Dinner that evening was an interesting experience. P killed one of their farm's chicken and made a stew with it, accompanied with traditional sticky rice and lettuce. The interesting part of it was actually that we ate by candlelight because the house had no electricity and it got dark very quickly in the mountainous jungle. It was very quiet and peaceful; I don't know if Lao people generally don't talk during meals or if silence was just the modus operandi when Greg came to visit. It seemed like Greg could communicate a lot without saying very much.

After dinner, I broke out the pack of Oreos I'd brought along as a snack and showed the kids how to dunk their Oreos into the milk Greg had brought. I also showed them all the photos of Thailand I'd taken on my camera, let them play with my camera, and tried to teach them how to hand whistle, with limited success. More exciting was thumb-wrestling and Korean-style rock-paper-scissors. I had a great time with the kids! I'm so glad that language is no obstacle when it comes to simply having fun.

Save for the stars, it was pitch black by the time we went to sleep. It was blacker than black, actually. The windows were closed and the lamp was blown out by 10pm. When I lay down and looked up at the ceiling, I couldn't tell if my eyes were open or shut. It was almost scary, because I can't remember ever being in such complete darkness. But it definitely had a soporiferous effect, and I was out soon enough.

And that is how I spent the Lunar New Year of 2014. Happy Year of the Horse!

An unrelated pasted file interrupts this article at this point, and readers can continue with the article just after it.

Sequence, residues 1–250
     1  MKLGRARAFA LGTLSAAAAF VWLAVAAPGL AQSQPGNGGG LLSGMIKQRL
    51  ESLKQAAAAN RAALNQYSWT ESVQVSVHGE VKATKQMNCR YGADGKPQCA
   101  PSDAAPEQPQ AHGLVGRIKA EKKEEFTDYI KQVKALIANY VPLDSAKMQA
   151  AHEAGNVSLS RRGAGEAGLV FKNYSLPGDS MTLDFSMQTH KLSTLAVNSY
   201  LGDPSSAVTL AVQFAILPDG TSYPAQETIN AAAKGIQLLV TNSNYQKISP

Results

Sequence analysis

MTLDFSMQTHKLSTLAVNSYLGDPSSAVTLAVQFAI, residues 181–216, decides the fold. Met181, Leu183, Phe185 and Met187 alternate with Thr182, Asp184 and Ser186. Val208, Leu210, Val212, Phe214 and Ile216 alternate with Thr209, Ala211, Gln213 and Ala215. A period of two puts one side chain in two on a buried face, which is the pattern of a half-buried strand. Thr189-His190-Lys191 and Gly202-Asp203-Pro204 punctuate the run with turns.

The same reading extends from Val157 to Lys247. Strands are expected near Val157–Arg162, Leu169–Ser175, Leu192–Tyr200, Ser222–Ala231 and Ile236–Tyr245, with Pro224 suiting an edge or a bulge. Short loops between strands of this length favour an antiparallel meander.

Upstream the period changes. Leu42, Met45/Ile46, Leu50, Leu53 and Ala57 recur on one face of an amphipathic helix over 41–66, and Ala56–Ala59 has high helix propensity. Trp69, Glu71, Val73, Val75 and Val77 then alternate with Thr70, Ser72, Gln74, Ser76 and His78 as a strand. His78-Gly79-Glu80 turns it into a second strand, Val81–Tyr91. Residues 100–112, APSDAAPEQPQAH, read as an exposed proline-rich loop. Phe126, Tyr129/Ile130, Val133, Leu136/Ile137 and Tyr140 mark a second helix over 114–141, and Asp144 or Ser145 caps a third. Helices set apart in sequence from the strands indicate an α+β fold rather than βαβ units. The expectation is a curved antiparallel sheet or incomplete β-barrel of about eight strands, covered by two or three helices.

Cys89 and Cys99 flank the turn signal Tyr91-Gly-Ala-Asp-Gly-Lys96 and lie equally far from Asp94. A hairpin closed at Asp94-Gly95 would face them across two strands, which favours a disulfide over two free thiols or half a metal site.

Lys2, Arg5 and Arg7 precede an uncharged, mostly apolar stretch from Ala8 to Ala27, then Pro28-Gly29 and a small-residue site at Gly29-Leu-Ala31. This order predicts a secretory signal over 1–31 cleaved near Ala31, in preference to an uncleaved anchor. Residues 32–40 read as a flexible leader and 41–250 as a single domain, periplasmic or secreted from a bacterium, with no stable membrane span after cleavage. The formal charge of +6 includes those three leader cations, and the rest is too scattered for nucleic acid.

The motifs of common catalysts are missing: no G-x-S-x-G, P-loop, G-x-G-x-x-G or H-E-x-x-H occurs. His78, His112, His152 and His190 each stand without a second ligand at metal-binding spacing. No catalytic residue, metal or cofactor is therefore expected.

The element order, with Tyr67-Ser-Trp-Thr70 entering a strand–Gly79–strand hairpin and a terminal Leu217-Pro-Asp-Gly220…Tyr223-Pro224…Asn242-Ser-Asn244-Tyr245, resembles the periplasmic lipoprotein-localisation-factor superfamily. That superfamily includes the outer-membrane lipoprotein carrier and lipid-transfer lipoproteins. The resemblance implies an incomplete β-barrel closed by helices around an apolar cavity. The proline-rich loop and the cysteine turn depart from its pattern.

I may have eaten this angry-looking guy.
Selfies by candlelight!
Day 9 (Feb. 1): At long last, Luang Prabang!
The next morning, I woke up still in completely blackness and was a bit disoriented. At 7:30am, Greg, P, and I left the village and took a local boat -- really a canoe with a motor attached -- down the river toward Luang Prabang. Our skiff stopped at a larger bank where other people were waiting for a larger boat. As it turns out, the Mekong is an avenue, the main channel of transportation for the hundreds of villages that run its length. Small skiffs are like tuk-tuks that take you short distances, and larger boats are like buses. Many people take these river buses to work or to the marketplaces in the city every single day. It was fascinating.
Boat #1. I was really scared I'd topple out of it and into the river.
Boat #2 was like a bus! It was twice as full by the time we reached our destination.
We were packed in a narrow boat that Greg told me was what the Mekong slow boats used to be way back before tourists and backpackers began traveling up- and downriver in huge hordes. I watched a huge variety of people -- ethnic Lao, Burmese, Hmong, and more -- go about their daily morning routine. It was impossible not to bump elbows with P's friends, who happily fed me sticky rice and fried noodles on leaves. They began to joke that I could get a Lao wife from one of their villages for a month's salary, and I politely declined the offer.

By 11am, we had arrived at Luang Prabang -- and in the city proper, not the scammy pier that the slow boat had stopped at. Luang Prabang is charming and lively, almost shockingly so after one night in a small village. I wondered what P's opinion of "city life" was. But it seems that she comes into town fairly often. It's only three hours and two boats away, after all.
Luang Prabang's river pier! The boats are so colorful, and the monks fit right in.
Because of the holiday, the city was overflowing with tourists. It wouldn't have been easy for me to find a guesthouse had I not been with Greg, who knew of a good place with a few open rooms. 80,000kip for a single room and shared bathroom for one night was probably a good price for this season. It was actually really nice to have space completely to myself after a week of close quarters.

I cleaned up, ate lunch, and then set out for a day adventure in the World Heritage City! Next time: temples and tourists, sunsets and splurging on food!
I'd like to see these kids again one day. I wonder how likely that is to haapen?